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Just wondering what type of algorithm this is,
or if there is an easier/more efficient way to go about this:

Say we are given a certain probability density, say

prob[] = {.1, .15, .25, .05, .45}

Group 1 - 10%
Group 2 - 15%
Group 3 - 25%
Group 4 - 5%
Group 5 - 45%

and a random number, (0,1),
ran = .853234

Insert into one of the 5 groups

if (ran <=prob[0]) selection = 1;  
else if (ran <= prob[0]+prob[1]) selection = 2;  
...
else if (ran <= prob[0]+prob[1]+...+prob[4]) selection = 5;  

I am not very well-versed on random number generation

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4 Answers 4

Your algorithm is correct. In your example though, the probabilities don't add up to 1.

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What you are essentially doing here is inverting the cumulative distribution function. Let F be the CDF of a random variable X with a given distribution, then it is defined as F(x) == P[X <= x].

The very useful thing here, is that if you generate a uniform random variable U between 0 and 1, then

P[F^-1(U) <= x] == P[U <= F(x)] == F(x) == P[X <= x]

which means that F^-1(U) will have the same distribution as X!

Of course this is only possible if you can invert the CDF, but in your case Fis a piecewise function (like a staircase), and your algorithm determines, for a given uniform value, at which step this value is met. Your algorithm is therefore perfectly correct.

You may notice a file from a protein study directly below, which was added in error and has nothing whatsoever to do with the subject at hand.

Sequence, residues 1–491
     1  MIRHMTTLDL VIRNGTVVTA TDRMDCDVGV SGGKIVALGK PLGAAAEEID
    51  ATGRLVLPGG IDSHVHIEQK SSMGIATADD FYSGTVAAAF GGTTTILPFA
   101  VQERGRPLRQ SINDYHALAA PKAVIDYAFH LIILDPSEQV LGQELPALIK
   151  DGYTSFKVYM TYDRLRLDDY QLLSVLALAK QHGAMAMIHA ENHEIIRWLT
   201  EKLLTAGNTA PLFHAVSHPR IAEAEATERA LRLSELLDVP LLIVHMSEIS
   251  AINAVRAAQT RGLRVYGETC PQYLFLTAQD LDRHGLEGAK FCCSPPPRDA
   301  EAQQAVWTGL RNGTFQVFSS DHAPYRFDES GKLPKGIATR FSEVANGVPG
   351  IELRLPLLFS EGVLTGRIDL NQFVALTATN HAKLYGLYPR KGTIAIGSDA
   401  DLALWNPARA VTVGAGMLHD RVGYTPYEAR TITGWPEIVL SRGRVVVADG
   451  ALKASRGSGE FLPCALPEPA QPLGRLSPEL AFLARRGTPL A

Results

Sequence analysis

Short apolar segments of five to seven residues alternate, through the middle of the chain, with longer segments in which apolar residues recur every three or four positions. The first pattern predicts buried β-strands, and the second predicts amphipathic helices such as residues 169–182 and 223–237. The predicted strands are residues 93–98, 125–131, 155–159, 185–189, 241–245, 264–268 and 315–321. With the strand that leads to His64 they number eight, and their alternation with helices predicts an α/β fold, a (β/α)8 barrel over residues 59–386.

However, you could improve it if you have a lot of random numbers to generate: first generate the CDF table, which in your case would be

CDF[] = {.1, .25, .5, .55, 1.}

then for each generated uniform number between 0 and 1, simply perform a dichotomy on the CDF table to retriver the corresponding index.

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That code will work except that you probabilities don't add up to 100% (so it is possible for none of the if-statements to match).

The approach can be simplified a bit by using a cumulative probability distribution:

cumprob[5] = {.1, .2, .45, .50, 1.0};

That also lets you substitute lsearch for the if-elif chain.

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Your algorithm uses random floating point numbers for a discrete distribution which is not the best way to implement this. Your implementation may provide a distribution hardly distinguishable from the given distribution, but it is not scientifically correct.

Instead, find the lowest common denominator of your given probabilities (in your example 5%) and use a random integer in [0,19] to pick your group. Example:

switch(random(19)) {
case 0:
case 1:
  selection = 1;
  break;
case 2:
case 3:
case 4:
  selection = 2;
  break;
case 5:
case 6:
case 7:
case 8:
case 9:
  selection = 3;
  break;
case 10:
  selection = 4;
  break;
case 11:
case 12:
case 13:
case 14:
case 15:
case 16:
case 17:
case 18:
case 19:
  selection = 4;
  break;
}
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